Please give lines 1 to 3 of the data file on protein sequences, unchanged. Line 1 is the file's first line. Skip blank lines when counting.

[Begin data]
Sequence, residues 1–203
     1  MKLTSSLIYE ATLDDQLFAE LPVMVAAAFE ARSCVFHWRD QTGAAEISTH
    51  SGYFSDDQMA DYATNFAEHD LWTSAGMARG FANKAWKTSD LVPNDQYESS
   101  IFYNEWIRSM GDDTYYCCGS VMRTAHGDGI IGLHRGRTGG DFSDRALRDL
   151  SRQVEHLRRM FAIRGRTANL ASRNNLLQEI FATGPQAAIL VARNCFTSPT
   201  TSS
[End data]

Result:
Sequence, residues 1–203
     1  MKLTSSLIYE ATLDDQLFAE LPVMVAAAFE ARSCVFHWRD QTGAAEISTH
    51  SGYFSDDQMA DYATNFAEHD LWTSAGMARG FANKAWKTSD LVPNDQYESS